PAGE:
YouTube video
We also listened to Naama Women′s Choir conducted by Ms. Pnina Inbar. With the support of Israel’s Ministry of Culture, Naama offers a diverse repertoire that includes a wide range of classical works from all periods, original Israeli compositions written for the choir, Israeli and international folk songs, and more.
YouTube video
YouTube video
I also enjoyed a number of performances by the US group THUMMp. Based out of Michigan, many of the members have been performing contemporary a cappella music together for over 20 years.
YouTube video
YouTube video
As you can see, there’s a huge variety to enjoy. And, in addition to watching and listening to the performances, many creative master classes are held at the festival. You can learn how to sing yourself in different styles (jazz, opera and even beatbox!), learn the basics of ballet, modern street dance and modern jazz dance. In addition, you can learn how to make and decorate various musical instruments, attend a drumming workshop (see below) or learn how to cook the favourite dishes of great composers.
YouTube video
As you can see, there’s a huge amount to enjoy whilst the festival is going on, whether it be the performances or other activities that you can get involved it, or simply the quirky, themed decorations dotted about the city. I thought some of the interactive exhibits on the streets were particularly fun. There were these steps with piano keys that actually played notes when you walked over them… …and this large record that played music as you turned it. If you’re considering a trip to Moscow, then this is clearly a great time of year to visit. Alternatively, take a look at the many other events that are going on as part of Moscow Seasons. Disclosure: My trip was sponsored by Moscow Seasons – a series of festivals held throughout the year in Moscow, with the support of the Government of Moscow.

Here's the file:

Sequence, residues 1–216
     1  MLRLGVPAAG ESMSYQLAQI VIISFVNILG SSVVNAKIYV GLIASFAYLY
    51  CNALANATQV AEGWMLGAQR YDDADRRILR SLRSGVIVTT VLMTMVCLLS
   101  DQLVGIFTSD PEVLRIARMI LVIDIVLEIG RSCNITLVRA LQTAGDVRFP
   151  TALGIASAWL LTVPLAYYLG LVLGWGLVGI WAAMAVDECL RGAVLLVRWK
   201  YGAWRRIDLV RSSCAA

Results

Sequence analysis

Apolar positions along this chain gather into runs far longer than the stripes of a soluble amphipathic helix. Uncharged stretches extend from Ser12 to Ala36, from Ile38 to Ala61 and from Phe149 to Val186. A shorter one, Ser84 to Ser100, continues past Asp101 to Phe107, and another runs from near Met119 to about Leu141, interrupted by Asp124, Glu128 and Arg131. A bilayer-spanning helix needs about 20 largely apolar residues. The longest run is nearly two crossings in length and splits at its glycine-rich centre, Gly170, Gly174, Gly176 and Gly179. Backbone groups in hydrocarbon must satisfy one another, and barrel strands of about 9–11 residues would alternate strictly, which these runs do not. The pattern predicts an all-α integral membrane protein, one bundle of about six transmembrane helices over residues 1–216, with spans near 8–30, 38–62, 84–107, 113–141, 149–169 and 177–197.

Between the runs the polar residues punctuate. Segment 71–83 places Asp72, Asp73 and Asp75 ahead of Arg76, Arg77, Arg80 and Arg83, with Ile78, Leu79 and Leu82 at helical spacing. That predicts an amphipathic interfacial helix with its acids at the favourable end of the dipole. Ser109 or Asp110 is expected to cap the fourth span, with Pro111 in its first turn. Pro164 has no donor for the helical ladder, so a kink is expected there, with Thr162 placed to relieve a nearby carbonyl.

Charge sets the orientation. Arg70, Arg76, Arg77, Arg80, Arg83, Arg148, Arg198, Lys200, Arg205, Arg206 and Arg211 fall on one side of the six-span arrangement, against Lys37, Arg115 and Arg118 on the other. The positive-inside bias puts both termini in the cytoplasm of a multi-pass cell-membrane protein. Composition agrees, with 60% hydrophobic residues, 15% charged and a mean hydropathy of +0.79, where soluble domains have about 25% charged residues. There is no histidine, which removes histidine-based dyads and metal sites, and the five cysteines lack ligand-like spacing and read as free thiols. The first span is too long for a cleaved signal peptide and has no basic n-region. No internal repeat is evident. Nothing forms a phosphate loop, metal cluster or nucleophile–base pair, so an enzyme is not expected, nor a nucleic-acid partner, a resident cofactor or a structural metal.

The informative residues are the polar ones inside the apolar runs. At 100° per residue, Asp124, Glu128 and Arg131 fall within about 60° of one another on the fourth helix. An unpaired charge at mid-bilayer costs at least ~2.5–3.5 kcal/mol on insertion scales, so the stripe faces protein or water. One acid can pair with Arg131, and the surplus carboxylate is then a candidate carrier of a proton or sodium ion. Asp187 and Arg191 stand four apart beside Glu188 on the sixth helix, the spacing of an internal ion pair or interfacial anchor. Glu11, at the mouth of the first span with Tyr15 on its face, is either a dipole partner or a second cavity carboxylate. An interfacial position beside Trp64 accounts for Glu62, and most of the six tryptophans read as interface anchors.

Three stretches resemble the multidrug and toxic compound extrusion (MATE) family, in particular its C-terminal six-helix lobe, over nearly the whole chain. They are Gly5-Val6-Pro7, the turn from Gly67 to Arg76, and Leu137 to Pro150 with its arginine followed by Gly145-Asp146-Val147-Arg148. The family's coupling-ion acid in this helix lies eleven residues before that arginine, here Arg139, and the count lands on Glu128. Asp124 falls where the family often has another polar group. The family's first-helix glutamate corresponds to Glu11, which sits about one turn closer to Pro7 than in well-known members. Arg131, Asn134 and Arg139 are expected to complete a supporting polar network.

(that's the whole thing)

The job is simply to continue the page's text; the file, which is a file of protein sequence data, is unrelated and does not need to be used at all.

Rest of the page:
Paul Johnson

Paul Johnson is Editor of A Luxury Travel Blog and has worked in the travel industry for more than 30 years. He is Winner of the Innovations in Travel ‘Best Travel Influencer’ Award from WIRED magazine. In addition to other awards, the blog has also been voted “one of the world’s best travel blogs” and “best for luxury” by The Telegraph.

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  1. I love the sound of the atmosphere. I’ve not been to Moscow before but it’s somewhere that’s been on my wishlist for a while… I think I’ll look to go next year and combine my visit with this time of year.